Journalism comes with its erratic work schedule. Crime Beat carries its own tension. Women are no strangers to crime beat. Chowdhury doesn’t get carried away by any activism. The fear of her life naturally makes Vidhi nervous. Imagine receiving a letter that lists possible ways to physical harm – bomb, acid attack. When that doesn’t deter Vidhi, the hired goons intimidate Nanu ji with their poised words. The fools, though, had no inkling that they stood no chance at wordplay with the master. Nanu, however, still fears for his granddaughter. Vidhi and Nanu are spirituality connected, feeding off each other’s positivity.
There is a heavy toll on the personal front as Vidhi drifts apart from her beau Jeet [Neil Bhoopalam]. This is still a beautiful bond as there is no bad blood after the break-up. “The way this relationship is going, we have become liabilities for each other,” Jeet sums it up in a dignified manner. Vidhi’s taken aback, but there’s no downpour of emotions. Remarkably, the now ex-couple hold hands moments after the break-up. The corresponding music [song] is so apt.
The director does well to tap the tension in the newsroom too where Vidhi isn’t afraid to speak her mind. The Editor-In-Chief is not livid with her, nor does he label her counter argument as any insubordination. Controversial stories often come with their dilemma where absolute truth can have ramifications for the reporter and the publication.
The biggest competition in journalism is not your rival publications, but the immediate colleagues. Vidhi is too smart to be distracted by the envious scribes. Gautam brings a refreshing respectability to journalism (on screen). The only odd blip is when she uses the words,” Logon ka kehna” (People are saying] while interviewing Varman. Well, only a true objective journalist will spot it. This though is arguably Yami Gautam’s breakout performance.
Gautam, Pankaj Kapur are the standout performers. Pia Bajpiee is the surprise package here. Though she loves him dearly, but Ankita is practical in her decision to call it off with the unemployed Ishan. Not limited, but Bajpiee has adequate screentime, and she doesn’t disappoint. Unheralded actor Honeyy Jaiin, too, makes the most of her screentime.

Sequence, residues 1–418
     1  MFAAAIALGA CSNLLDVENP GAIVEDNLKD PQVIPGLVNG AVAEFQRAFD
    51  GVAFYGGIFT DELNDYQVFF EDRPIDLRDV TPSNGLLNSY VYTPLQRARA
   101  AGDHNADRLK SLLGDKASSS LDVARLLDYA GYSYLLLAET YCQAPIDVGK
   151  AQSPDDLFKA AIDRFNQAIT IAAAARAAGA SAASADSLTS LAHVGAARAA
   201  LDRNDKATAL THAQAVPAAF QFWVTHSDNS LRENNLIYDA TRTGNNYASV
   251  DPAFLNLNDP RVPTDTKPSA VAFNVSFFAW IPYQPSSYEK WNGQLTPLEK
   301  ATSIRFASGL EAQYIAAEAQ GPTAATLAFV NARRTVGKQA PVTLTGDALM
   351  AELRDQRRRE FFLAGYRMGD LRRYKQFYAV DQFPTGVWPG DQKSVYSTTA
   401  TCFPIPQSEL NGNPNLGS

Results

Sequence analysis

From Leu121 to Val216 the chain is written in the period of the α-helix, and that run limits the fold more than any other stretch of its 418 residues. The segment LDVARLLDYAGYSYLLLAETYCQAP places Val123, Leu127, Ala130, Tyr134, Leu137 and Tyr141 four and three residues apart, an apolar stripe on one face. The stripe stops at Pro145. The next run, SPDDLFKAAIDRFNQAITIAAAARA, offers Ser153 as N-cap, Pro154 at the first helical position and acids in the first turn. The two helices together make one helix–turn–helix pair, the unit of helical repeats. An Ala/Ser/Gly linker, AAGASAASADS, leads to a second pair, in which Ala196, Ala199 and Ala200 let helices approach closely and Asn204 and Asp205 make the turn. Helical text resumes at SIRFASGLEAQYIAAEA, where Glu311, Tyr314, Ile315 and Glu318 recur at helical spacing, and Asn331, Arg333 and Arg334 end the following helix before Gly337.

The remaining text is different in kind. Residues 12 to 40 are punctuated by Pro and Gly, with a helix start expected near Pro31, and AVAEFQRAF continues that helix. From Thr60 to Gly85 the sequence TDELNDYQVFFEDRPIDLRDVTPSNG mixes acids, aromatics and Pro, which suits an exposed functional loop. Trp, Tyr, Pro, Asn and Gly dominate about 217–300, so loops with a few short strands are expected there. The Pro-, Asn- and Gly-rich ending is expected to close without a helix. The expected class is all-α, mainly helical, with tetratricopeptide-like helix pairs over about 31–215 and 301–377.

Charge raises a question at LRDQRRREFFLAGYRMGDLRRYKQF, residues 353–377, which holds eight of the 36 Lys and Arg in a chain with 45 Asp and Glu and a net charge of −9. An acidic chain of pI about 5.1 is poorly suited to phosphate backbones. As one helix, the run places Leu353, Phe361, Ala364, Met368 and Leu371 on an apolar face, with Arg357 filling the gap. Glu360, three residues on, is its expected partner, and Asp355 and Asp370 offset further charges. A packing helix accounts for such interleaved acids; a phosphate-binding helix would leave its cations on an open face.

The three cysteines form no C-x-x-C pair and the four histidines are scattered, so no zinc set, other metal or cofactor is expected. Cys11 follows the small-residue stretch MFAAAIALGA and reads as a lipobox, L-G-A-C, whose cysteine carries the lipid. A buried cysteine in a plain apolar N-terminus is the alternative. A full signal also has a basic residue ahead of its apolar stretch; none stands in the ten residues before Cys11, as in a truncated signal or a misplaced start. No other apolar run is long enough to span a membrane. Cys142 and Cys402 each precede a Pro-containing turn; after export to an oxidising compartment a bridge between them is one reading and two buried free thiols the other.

We’re curious about Rahul Khanna’s character Varman. The natural videsi accent could perhaps draw parallel with former quiz master and Trinamool Congress Member of Parliament in Rajya Sabha Derek O’Brien. Now 50, Khanna has the look of a suave politician but the tone is still unconvincing.
The top investigative cop here is one Prabir Ghoshal [Arindam Sil], Jt. CP (Intelligence). This is a familiar name in Bengal politics, a TMC leader who defected to BJP, then rejoined Mamata Banerjee’s party after the defeat in the assembly polls. Is the same character name just a coincidence in Lost?
Based on the above image, the director and his cinematographer certainly haven’t lost the significance of it.
Tushar Pandey has been around for few years, but has never impressed us thoroughly.
What keeps the interest alive in this story is the layered screenplay, stellar performance of Yami Gautam, Pankaj Kapur, and the gripping background score. Chowdhury’s astute direction, particularly the management of his resources go a long way in building consistent engagement. Lost is a refreshing and an unbiased social, political thriller with the key humane message not lost in the conflicts.
Lost  is set to stream on Zee5 from 16 February.